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“The Outcast Redeemer”—A review of Edward Carpenter

Clara Heyworth23 May 2010

In her lengthy review of Sheila Rowbotham's Edward Carpenter: A Life of Liberty and Love for Politics and Culture, Jennifer Miller declares the book an "excellent new biography."

[Edward] Carpenter is placed at the center of a complex constellation of politics, love, philosophy and activism making the biography an enjoyable and informative if at times unruly read.

Rowbotham draws heavily on Carpenter's autobiography My Days and Dreams, as well as personal correspondences with his vast network of friends and lovers. So it is no surprise that we learn Carpenter's politics as much through his personal interactions as through his published work and activism. Rowbotham masterfully renders Carpenter relevant by writing with authority as well as a humorous intimacy that comes from spending decades studying Carpenter. Throughout the biography Carpenter is portrayed as an "outcast redeemer," a term Rowbotham herself uses to describe Carpenter's distance from the norms that governed Victorian England as well as his attempts to challenge the status quo, which was in crisis as a result of major economic, political and religious transformations.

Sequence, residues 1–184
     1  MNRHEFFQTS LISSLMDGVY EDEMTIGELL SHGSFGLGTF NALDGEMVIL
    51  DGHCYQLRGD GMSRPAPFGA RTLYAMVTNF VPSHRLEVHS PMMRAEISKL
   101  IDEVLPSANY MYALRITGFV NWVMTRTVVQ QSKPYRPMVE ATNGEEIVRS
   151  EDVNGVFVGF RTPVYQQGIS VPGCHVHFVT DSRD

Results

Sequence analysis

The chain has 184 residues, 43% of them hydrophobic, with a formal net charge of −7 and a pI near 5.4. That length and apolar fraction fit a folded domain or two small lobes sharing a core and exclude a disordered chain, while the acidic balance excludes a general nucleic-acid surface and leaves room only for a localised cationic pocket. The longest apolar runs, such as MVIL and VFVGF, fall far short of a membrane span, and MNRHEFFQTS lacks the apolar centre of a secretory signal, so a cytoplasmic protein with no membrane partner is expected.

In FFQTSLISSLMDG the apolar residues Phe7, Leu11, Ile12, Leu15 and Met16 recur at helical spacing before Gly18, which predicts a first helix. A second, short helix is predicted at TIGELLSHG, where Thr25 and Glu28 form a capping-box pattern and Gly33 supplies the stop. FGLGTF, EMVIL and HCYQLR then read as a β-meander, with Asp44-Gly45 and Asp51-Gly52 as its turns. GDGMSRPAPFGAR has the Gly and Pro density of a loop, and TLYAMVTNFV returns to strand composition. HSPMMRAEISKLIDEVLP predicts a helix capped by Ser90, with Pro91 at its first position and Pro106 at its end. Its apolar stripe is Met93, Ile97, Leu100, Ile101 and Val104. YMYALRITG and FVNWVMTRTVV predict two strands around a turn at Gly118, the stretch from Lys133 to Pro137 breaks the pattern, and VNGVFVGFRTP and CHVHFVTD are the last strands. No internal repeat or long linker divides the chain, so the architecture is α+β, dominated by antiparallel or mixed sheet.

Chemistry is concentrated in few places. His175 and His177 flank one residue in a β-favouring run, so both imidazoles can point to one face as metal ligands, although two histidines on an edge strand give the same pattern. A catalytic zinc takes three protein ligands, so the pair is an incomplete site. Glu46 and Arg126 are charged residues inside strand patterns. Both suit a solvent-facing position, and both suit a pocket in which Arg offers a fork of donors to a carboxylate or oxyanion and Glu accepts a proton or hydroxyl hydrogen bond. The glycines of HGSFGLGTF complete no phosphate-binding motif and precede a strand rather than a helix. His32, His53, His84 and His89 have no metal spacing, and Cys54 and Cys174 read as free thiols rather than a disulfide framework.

Visit Politics and Culture to read the review in full.

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